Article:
Milky Way shares a name with the Milky Way galaxy, but the words have much more to do with dairy products than they do stars. After all, the original flavor inspiration for the candy was the triple dairy wallop of a soda fountain's malted milkshake, made up of malted milk, ice cream, and milk. The perceived goodness, wholesomeness, and healthiness of milk was the focus of Milky Way's marketing for decades. According to "Candy: A Century of Panic and Pleasure," as early as 1925, Mars' ad copy touted the "food value and eating qualities" of Milky Way with the addition of more malted milk to the recipe, giving the bar "more malted milk content than a soda fountain double malted milk." 

However, malted milk isn't altogether a dairy product. It was conceived in the 1870s by pharmacist James Horlick, looking to invent an infant formula. The result was a powder made from wheat flour, barley, and evaporated whole milk. Thus, the implication from the Milky Way ads: Because it contained a lot of malted milk, it was healthier than the average candy bar — which is quite the stretch.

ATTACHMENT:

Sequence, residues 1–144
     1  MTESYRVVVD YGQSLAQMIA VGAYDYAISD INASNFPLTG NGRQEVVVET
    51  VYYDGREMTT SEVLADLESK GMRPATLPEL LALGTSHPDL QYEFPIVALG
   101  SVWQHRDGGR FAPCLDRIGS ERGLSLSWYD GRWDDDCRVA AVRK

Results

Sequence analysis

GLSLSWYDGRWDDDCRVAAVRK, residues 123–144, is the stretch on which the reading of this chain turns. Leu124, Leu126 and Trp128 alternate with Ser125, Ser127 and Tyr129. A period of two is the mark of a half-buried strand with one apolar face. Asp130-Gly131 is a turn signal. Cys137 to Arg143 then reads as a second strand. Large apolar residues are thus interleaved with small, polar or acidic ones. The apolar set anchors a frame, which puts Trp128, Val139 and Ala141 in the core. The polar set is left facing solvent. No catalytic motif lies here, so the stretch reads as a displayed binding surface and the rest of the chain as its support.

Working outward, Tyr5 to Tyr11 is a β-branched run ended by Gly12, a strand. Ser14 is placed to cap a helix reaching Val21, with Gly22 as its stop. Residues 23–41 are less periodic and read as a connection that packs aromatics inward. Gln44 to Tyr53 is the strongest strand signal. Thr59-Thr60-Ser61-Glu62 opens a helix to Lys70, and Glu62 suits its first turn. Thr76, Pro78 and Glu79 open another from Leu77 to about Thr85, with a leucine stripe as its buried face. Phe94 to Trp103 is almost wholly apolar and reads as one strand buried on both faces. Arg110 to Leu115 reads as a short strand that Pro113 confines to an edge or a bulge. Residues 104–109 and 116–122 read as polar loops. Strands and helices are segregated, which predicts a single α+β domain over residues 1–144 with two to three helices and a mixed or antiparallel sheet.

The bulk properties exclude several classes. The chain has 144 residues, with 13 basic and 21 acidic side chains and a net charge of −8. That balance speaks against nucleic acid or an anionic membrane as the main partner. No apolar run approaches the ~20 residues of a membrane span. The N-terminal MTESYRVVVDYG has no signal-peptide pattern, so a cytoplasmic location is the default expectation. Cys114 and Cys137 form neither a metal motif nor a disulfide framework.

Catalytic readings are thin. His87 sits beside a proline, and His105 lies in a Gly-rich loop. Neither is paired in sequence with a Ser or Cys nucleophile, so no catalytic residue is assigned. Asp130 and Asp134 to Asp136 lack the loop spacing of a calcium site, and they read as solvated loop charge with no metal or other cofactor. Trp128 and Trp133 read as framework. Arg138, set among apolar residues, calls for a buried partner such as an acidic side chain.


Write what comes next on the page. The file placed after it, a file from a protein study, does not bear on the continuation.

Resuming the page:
Milky Way ran afoul of the Federal Trade Commission

Taking a cue from its 1920s-era ads that implied the bar was healthy due to its malted milk content, commercials for Milky Way in the 1950s and 1960s suggested the product was good for you due to an abundance of real milk. One spot featured a child making an "M" (for "Milky Way" and "magic") gesture with his fingers, turning a full glass of milk into a Milky Way. Another commercial featured a narrator boasting that the candy is made "with gallons and gallons of fresh, whole, grade A milk." There was yet another (per "Candy: A Century of Panic and Pleasure") that showed a child eating the candy on a dairy farm, while the narrator promised that the product is "really good food that's good for you" because it's "loaded with farm fresh milk and the whipped up whites of country eggs."